Although profits were up at the world’s largest retailer, investors were disappointed with Tuesday’s announced results and also with the company’s outlook for the current quarter and for the coming year. The stock was down in Tuesday trading more than 4% in the morning hours but that was not the real technical story.
Tuesday’s decline created what chartists call a “downside breakaway gap.” In regular English, the stock cratered. Supply so overwhelmed demand that the laws of economics required prices to jump down in one fell swoop rather than smoothly ease lower.
So what does that mean for investors? Well, it’s not good.
The last time Wal-Mart traded at last week’s lofty levels was in 2008. Although initially it was able to resist the bear market that started in 2007, it finally gave way in September 2008. At that time, it also scored a dramatic negative shift on its chart. From that point, although it was able to move in 10% swings both higher and lower, it spent the next few years essentially flat.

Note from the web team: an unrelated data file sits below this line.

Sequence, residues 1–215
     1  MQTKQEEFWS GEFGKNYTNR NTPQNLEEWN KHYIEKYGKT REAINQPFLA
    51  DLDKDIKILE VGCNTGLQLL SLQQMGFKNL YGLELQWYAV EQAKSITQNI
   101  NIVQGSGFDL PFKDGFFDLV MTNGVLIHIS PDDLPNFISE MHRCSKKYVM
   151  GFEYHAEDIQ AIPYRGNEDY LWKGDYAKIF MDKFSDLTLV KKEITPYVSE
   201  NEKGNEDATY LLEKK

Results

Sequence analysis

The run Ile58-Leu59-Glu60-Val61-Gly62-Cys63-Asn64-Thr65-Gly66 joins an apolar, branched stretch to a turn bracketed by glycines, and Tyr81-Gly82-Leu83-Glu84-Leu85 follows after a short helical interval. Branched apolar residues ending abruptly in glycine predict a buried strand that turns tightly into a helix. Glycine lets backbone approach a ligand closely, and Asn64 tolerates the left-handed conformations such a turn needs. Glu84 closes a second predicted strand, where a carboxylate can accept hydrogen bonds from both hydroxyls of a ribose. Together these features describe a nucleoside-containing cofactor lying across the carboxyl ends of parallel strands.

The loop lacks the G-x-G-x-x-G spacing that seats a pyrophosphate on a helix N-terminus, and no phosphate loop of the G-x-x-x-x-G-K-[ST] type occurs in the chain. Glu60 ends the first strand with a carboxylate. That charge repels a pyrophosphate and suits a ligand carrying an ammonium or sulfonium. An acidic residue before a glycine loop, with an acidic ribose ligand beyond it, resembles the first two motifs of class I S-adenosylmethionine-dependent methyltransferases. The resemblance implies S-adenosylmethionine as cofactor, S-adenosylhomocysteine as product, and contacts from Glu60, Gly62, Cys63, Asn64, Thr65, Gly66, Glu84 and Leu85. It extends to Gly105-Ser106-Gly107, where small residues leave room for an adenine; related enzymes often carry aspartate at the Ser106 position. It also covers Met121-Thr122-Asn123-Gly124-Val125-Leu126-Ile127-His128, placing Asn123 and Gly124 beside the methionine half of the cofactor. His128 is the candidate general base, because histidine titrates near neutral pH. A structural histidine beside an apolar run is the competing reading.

Why talk about this sideways action? Because until late last year, Wal-Mart returned very little to investors during the market’s rather strong bull run from 2009. And now with its technical breakdown, a return to malaise seems rather likely.
To be sure, it is a blue chip stock, a member of the Dow Jones Industrial Average and clearly a powerful presence in retail. But as a stock market investment, its better days are behind it for weeks, if not months to come.
Michael Kahn, CMT, writes the twice weekly Getting Technical column for Barron’s Online and publishes the daily Quick Takes Pro newsletter. Follow him on Facebook.